We share the sofa, we share the meal dish, we go for walks together with the human, we even share a bed at night.

And, believe it or not, I like him! And I think he likes me – at least if that funny growling noise is anything to go by as he rubs his chin against mine.

But – sorry, can’t stop now – I see a real cat in the garden! WOW! I must get rid of that – I’ll catch up with you later!

Brian Hodgkinson © 2007

THE VILLAGE ART SHOW by Brian Hodgkinson

A noisy, friendly, exuberant day.

A noisy, friendly, exuberant crowd.

The sun streamed down from a glorious sky on to a scene of tumultuous enjoyment in which every person from the entire little town seemed to have gathered.

Among the tumblers, the clowns, the side-shows, and the entertainers moved the villagers, their families, and their friends.

Between the displays, the tables and trestles the pigs and cows, the cocks and hens, the horses and goats all snuffled, lowed, cackled and crowed as they were driven into their allotted places.

Housewives clattered by with baskets of eggs; elders dozed on a bench outside the hostelry; children shrieked and ran amok everywhere, and the randy youths pawed and fondled the teen-aged girls in corners ands behind barns.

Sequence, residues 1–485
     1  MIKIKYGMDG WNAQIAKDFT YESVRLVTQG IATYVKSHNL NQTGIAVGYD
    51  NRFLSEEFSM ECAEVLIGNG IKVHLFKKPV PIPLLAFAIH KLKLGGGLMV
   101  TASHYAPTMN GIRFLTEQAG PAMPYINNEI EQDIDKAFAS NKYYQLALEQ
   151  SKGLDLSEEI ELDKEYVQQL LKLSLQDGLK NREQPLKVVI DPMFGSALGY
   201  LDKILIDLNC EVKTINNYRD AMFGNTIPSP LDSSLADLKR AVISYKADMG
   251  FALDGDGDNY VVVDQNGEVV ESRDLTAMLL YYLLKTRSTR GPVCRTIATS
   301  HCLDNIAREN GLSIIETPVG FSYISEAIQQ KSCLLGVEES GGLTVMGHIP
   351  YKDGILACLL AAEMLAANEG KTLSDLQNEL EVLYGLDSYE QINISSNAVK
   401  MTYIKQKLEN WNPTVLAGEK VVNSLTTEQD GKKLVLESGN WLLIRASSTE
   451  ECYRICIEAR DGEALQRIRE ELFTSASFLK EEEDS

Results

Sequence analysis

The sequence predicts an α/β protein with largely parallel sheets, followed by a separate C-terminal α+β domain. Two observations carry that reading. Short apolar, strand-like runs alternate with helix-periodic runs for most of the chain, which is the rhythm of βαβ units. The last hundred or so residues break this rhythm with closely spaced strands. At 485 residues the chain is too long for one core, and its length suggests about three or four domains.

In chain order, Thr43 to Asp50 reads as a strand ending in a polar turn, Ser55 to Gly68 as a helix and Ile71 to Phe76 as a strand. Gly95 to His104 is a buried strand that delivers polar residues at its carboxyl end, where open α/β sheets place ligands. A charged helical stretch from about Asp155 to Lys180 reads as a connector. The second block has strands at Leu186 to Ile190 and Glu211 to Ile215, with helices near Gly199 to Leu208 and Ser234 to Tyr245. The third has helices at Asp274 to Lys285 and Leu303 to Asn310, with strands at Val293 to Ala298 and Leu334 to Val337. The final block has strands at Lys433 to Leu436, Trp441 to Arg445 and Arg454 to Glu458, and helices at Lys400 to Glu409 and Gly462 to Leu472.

Serving girls, run off their feet, carried refreshments hither and thither; serious citizens studied displays of produce and of confectionery; and farmers considered the finer points of their beasts with rarefied deliberation.

The priest himself moved among his flock, beaming with good-will; and scattering benedictions together with alms on this wonderful day.

Mine host, at the door of his public house, and with his face as rosy as the apples tumbling in the fruit bowl, surveyed the scene with beaming satisfaction; and a few of his patrons, already a little the worse for wear, sprawled in the shade beneath the row of trees which sheltered the street.